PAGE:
Integral Folding Knife Design: Professionals & Cons

Folding knife construction has largely gone unchanged since the late 18th century. But recent advances have changed this mainstay — sometimes for the better, sometimes not. Here’s how integral folding knives stack up.

A basic folding knife has a pivot, a blade, a blade channel, and two handle pieces on either side of the blade, all held together by fasteners. Knifemakers have made only some small modifications to this basic folding knife design over the years. They include different locks, different opening mechanisms, and standoffs (pillars that allow dirt and debris to flow through the blade channel instead of getting lodged against a solid backspacer). But that’s about it.

That is, until about 15 years ago when things began to change. Machining abilities expanded, and the public’s willingness to pay high prices for both custom and production knives increased.

We have witnessed a fundamentally different way of making a folding knife: the integral.

What Is an Integral Folding Knife?

Integral folding knives have a handle made of a single piece of material, usually titanium or aluminum. The blade channel is cut into the large chunk of material, and the hardware is inserted using creative techniques and specifically ordered stacks.

To see a bunch of integral designs, check out some from the brand LionSteel here.

Now, let’s break down the benefits and drawbacks of integral folders.

Rise of the Integral Folder Design

Custom makers like Peter Rassenti, Scott Cook, and Michael Raymond have all become famous for their integral designs. The Cook Lochsa, in particular, stands as a singular design: simple, effective, and striking. These knives all start at more than $1,000 and go up in price quickly. A fully decked-out Raymond can easily sell for many thousands of dollars directly from the maker, and even more on the secondary market.

But in the past 5 years, integrals have made their way into the production market.

LionSteel pioneered the integral production with the release of a series of knives under its own label and in conjunction with DPx Gear. The Acculus was in this first generation of production integrals, and it remains a beautiful blade.

Now, Benchmade, Spyderco, Reate, and WE Knives all make integrals. WE even make a sub-2.5-inch integral called the Anodyne. The question is whether this is just a trend or if it holds real benefits.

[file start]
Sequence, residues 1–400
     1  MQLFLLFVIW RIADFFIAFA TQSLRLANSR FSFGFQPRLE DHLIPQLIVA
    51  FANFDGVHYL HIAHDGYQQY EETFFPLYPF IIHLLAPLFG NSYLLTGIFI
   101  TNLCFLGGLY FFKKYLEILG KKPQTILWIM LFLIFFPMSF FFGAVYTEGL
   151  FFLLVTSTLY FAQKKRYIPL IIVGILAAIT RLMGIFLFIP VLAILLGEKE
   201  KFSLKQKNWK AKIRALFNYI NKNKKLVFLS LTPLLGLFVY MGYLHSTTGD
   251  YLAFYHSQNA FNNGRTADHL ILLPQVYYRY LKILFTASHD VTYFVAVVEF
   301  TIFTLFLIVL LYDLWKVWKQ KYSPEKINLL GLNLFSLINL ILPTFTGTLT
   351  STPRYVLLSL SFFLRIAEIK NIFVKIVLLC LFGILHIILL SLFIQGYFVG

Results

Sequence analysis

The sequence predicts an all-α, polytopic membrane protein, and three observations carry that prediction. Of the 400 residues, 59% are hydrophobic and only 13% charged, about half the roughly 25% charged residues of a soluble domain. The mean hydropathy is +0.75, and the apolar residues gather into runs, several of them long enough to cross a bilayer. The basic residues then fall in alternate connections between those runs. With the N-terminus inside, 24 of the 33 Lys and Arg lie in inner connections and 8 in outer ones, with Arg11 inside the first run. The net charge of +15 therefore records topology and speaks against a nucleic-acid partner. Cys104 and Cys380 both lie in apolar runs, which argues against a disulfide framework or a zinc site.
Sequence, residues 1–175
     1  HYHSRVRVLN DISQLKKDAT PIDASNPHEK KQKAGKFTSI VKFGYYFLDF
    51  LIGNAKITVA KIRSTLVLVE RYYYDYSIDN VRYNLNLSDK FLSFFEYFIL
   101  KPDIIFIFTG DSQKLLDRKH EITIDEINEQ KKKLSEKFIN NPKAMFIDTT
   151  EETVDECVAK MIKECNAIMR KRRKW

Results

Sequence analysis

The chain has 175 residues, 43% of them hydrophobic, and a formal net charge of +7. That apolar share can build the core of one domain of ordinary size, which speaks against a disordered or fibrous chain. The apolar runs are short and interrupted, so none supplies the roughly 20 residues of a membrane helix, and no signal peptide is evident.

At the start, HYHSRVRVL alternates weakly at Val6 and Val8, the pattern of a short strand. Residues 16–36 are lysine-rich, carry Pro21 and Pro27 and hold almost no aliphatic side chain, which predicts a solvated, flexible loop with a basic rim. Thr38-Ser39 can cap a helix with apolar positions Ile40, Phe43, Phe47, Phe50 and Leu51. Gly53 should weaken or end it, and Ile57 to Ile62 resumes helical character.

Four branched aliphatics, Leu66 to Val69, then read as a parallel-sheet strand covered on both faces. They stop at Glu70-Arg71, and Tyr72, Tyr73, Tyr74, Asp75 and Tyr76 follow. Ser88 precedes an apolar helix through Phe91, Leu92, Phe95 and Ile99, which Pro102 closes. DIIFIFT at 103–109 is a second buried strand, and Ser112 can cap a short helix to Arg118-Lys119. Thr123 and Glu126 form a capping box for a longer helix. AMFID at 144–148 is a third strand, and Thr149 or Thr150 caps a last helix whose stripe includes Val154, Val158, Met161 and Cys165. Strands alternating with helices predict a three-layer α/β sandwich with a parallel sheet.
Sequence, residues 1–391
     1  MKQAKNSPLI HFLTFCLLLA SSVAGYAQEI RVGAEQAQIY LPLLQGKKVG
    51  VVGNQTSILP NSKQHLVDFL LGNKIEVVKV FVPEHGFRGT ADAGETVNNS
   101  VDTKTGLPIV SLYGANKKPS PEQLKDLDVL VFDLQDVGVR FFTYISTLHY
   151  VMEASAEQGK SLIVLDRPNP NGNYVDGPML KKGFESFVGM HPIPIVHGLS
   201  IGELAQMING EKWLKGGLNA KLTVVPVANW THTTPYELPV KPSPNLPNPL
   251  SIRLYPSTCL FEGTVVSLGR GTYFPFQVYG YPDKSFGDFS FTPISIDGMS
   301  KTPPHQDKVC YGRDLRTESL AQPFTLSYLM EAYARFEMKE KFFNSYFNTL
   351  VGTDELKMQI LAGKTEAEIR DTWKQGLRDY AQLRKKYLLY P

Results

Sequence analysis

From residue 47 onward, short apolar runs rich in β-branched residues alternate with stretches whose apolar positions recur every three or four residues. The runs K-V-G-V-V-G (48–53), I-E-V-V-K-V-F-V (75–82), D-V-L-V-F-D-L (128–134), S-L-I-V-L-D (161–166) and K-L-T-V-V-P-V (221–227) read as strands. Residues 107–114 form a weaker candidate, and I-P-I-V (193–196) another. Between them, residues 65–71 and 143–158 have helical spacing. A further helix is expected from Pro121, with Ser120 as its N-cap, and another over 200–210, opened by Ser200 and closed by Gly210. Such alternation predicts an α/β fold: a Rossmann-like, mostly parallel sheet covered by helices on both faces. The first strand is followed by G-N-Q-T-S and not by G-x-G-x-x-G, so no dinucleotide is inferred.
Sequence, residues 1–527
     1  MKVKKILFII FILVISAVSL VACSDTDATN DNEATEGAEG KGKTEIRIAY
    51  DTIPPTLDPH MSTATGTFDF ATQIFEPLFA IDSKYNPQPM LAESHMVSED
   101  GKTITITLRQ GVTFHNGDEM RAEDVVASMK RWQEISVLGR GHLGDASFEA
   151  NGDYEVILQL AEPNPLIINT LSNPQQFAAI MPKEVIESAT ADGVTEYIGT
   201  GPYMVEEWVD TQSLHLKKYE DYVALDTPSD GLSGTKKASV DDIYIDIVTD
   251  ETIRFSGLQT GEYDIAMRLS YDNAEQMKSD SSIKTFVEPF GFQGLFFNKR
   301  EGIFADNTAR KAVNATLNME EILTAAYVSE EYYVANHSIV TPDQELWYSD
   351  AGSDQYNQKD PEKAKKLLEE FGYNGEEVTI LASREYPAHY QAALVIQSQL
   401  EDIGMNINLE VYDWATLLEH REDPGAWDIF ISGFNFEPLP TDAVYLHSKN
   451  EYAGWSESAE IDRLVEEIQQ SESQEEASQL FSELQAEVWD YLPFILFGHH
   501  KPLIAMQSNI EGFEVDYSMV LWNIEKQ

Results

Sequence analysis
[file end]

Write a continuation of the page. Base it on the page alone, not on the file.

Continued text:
WE Knives Anodyne


Pros of an Integral Folder

Integrals definitely feel more solid in the hand with no handle flex or movement. They also require less maintenance, as there are fewer moving parts. Finally, and the most important for me, they offer much thinner profiles.

While traditionally constructed knives achieve solidity through bulk and layering of materials, integrals are rigid by nature. Thus, they can get thinner (and lighter) without really affecting their strength.

The Benchmade Anthem (shown at the top of this article), for example, is just as rigid, if not more so, than the Mini Grip. Yet it’s probably one-third thinner. If you need a compact and solid folder, you’ll have a hard time finding a traditionally built folder better than an integral.

Cons of an Integral Folder

First, and most obvious, is the increased cost. Because integral folders are more time- and labor-intensive to machine, they’re always more expensive than traditional folders using the same materials. For example, the Benchmade Anthem and Monolock are similar in size and materials, but the Anthem costs roughly $200 more.

Second, Integrals aren’t the easiest knives to work on. Unlike a traditionally built knife, you can’t simply unscrew them apart. You will also have a difficult time once the knife is disassembled, as many times you have to work inside the blade channel itself.

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Third, almost all integrals are framelocks, which, given the method of construction, are much easier to implement. Benchmade’s integral has an Axis Lock (with a new internal design), and LionSteel used to make a few lockbacks, but they’re out of production now.

Finally, right now, the trend is to make very big knives into integrals. So generally, they are heavier and larger than their traditional-construction counterparts. That last con isn’t inherent in the design but related to the perception of high-priced small knives.

Integral Folder: Conclusion

If you have the means, buying a custom integral is a great choice. A Cook Lochsa might be the most desirable folder on the planet under $10,000, and it feels amazing in the hand.

If you have a more sane budget, Spyderco’s Paysan is a good design by Peter Rassenti, and the Benchmade Anthem is a fantastic interpretation of the Axis Lock. The aforementioned WE Knives Anodyne, which is available but out of production, is a great small and comparatively inexpensive integral at around $240.

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